tion as having length and breadth ; as being, for instance, an inch in length, and a half an inch in breadth ? There is nothing of the kind. Consciousness never gave, and it is not too much to say, that it never will give any such information. The properties or attributes of matter and mind, therefore, are entirely different. And as all persons hold it to be unphilosophical to ascribe attributes so different to the same subject, we conclude the subjects of them are not the same. And accordingly we call the subject of one class of phenomena Mind, and that of the other Matter.

§. 17. The souls immateriality indicated by the feeling of identity. There is another somewhat striking consideration, which may aid in evincing the immateriality of the soul. It is well known, that the materials, of which the human body is composed, are constantly changing. The whole bodily system repeatedly undergoes, in the course of the ordinary term of man's life, a complete renovation, and yet we possess, during the whole of this period, and amid these utter changes of the bodily part, a consciousness of the permanency, as well as of the unity of the mind. “This fact (remarks Mr. Stewart,) is surely not a little favorable to the supposition of mind being a principle essentially distinct from matter, and capable of existing when its connection with the body is dissolved.”

Truly if the soul, like the body, were made up of particles of matter, and the particles were in this case as in the other, always changing, we should be continually roving, as an old writer expresses it, and sliding away from ourselves, and should soon forget what we once were. The new soul, that entered into the same place, would not necessarily enter into the possession of the feelings, consciousness, and knowledge of that, which had gone. And hence we rightly infer, from an identity in these respects, the identity or continued existence of the subject, to which such feelings, consciousness, and knowledge belong. And as there is not a like identity or continued existence of the material part, we may infer again, that the soul is distinct from matter.

g. 18. The material doctrine makes man a machine. The doctrine, that thought is the result of material or

ganization, and that the soul is not distinct from the body, is liable also to this no small objection ; that it makes the soul truly and literally a machine. If what we term mind be in truth matter, it is of course under the same influences, as matter. But matter, in all its movements and combinations, is known to be subject to a strict and inflexible direction, the origin of which direction is exterior to itself. The material universe is truly an automaton, experiencing through all time the same series of motions, in obedience to some high and authoritative intelligence; and is so entirely subject to fixed laws, that we can express in mathematical formulas not only the state of large bodies, but of a drop of water or of a ray of light; estimating minutely extension and quantity, force, velocity, and resistance.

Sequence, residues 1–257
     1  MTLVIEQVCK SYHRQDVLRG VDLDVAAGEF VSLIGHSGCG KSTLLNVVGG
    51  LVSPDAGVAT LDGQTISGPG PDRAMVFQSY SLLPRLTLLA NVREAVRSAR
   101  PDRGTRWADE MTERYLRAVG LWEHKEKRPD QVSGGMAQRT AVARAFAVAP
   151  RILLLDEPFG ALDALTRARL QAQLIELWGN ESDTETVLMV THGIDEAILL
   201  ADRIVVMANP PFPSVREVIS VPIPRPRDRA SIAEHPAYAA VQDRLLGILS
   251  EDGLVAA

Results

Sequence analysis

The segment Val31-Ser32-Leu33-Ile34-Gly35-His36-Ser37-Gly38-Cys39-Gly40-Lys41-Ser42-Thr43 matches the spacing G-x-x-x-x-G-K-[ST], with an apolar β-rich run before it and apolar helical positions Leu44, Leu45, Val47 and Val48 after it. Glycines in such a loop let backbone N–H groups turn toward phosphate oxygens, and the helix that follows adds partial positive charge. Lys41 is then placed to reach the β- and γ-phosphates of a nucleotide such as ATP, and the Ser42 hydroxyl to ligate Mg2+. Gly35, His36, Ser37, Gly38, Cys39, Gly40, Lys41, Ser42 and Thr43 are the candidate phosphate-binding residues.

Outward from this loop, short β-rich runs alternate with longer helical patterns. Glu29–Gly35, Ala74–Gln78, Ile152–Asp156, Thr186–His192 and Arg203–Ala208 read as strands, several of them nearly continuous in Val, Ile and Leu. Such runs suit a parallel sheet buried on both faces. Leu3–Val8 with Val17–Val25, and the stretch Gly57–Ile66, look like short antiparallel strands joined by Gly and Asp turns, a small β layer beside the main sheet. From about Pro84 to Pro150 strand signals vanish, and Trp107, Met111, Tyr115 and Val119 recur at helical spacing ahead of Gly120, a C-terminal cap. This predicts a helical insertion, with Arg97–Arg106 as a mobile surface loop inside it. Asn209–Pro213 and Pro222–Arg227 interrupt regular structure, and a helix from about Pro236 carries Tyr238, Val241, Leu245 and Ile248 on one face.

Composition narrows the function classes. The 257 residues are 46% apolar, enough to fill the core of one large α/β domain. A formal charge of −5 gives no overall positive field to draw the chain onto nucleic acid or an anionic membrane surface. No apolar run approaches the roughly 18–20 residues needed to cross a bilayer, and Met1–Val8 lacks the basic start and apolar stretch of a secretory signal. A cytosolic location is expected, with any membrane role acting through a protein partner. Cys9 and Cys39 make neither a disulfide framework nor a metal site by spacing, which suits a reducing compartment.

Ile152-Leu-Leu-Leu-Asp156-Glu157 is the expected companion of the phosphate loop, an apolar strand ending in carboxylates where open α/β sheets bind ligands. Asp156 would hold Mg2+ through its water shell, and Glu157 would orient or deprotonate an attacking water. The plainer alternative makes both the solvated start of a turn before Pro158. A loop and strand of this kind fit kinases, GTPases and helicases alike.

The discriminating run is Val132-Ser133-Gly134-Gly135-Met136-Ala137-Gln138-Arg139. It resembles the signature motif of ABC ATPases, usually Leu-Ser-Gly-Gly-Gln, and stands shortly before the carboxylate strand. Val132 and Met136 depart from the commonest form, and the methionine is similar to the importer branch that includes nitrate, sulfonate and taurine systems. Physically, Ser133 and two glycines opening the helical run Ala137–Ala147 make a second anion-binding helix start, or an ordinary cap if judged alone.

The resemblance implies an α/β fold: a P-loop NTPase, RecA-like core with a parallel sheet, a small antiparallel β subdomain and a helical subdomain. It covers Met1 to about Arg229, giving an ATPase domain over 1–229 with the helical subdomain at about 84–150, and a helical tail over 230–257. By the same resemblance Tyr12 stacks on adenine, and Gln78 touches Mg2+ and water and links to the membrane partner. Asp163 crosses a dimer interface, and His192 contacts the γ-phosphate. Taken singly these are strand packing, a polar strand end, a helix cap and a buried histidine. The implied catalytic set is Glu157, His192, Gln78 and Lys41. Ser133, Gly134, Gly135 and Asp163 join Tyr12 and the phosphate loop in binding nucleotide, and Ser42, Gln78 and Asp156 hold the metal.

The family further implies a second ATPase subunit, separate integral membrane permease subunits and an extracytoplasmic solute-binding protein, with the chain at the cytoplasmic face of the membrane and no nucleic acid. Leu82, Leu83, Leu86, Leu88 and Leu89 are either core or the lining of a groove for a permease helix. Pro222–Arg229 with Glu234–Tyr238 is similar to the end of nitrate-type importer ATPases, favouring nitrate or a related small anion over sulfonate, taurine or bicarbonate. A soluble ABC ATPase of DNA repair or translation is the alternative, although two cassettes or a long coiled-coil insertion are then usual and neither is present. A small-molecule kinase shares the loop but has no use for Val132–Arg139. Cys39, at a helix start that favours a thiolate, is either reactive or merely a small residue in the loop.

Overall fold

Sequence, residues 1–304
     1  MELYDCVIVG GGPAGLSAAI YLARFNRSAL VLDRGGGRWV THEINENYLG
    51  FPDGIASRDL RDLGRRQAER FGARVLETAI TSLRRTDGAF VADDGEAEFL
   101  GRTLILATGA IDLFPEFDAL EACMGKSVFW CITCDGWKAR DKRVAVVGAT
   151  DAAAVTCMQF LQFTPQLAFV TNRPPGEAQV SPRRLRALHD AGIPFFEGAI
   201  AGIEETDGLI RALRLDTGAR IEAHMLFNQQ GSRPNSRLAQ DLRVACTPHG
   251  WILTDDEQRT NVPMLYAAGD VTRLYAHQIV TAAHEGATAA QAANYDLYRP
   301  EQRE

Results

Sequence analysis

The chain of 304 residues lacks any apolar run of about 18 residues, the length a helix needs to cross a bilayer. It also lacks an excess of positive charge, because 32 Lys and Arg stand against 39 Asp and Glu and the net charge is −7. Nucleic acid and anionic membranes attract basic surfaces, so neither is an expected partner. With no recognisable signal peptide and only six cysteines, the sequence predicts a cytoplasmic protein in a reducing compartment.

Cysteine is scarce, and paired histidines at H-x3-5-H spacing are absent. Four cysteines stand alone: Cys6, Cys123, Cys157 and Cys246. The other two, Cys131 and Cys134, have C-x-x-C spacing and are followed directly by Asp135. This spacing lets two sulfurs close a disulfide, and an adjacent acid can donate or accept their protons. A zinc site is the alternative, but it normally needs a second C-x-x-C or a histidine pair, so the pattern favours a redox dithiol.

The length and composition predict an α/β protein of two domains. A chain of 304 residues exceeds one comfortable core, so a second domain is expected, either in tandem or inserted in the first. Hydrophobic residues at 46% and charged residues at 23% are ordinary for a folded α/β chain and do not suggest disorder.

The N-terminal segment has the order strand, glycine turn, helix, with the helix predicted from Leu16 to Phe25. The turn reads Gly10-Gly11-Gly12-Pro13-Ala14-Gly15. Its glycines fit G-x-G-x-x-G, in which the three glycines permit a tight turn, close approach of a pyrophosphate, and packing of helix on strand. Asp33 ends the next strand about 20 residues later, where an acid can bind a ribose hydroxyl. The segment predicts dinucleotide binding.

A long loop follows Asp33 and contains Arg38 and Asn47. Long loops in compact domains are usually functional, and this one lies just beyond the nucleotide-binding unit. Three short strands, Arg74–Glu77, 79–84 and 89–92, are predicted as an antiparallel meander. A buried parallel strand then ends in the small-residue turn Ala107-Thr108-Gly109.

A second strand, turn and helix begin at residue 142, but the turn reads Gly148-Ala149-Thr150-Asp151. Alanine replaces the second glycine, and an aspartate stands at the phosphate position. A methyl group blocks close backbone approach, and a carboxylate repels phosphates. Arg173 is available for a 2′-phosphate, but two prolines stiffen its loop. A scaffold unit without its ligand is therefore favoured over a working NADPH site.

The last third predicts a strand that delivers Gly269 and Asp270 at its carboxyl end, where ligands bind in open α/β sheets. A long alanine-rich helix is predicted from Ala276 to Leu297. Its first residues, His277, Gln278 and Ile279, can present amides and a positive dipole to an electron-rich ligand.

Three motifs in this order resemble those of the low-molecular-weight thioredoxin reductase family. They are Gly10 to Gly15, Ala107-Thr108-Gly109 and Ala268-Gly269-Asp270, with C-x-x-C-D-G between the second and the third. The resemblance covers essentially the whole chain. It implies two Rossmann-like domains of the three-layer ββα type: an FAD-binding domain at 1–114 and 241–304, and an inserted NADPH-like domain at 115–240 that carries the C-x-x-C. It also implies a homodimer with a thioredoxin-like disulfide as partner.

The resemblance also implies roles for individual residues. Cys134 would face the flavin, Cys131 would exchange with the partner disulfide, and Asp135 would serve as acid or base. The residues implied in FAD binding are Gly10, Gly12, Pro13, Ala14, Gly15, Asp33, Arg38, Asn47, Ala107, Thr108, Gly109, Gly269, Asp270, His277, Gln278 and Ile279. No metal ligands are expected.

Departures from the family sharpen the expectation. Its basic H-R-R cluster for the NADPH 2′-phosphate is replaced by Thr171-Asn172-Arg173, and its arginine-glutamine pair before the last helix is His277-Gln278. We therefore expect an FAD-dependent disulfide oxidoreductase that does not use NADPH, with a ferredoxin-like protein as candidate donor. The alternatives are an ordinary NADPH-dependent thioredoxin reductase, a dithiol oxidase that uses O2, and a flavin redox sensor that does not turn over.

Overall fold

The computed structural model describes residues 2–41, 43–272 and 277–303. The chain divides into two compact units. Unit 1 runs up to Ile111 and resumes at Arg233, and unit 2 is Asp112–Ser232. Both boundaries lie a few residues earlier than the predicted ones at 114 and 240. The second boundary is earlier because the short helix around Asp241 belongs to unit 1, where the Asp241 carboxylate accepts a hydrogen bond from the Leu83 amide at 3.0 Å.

It is not thus with the human mind. That the mind has its laws is true ; but it knows what those laws are; whereas matter does not. This makes a great difference. Matter yields a blind and unconscious obedience; but the mind is able to exercise a foresight ; to place itself in new situations ; to subject itself to new influences; to surround itself with new motives, and thus control in a measure its own laws. In a word, mind is free ; we have the best evidence of it, that of our own consciousness. But matter, as we learn from all our observations of it, may justly be characterized as a slave. It does not turn to the right or left; it does not do this or that, as it chooses ; it possesses no self-determining and self-moving element; but the subject of an overpowering allotment, it is borne onward to the appointed mark by an inflexible destiny.-If these views be correct, we see here a new reason for not confounding and identifying these two existences. §. 19. No exact correspondence between the mental and bodily state.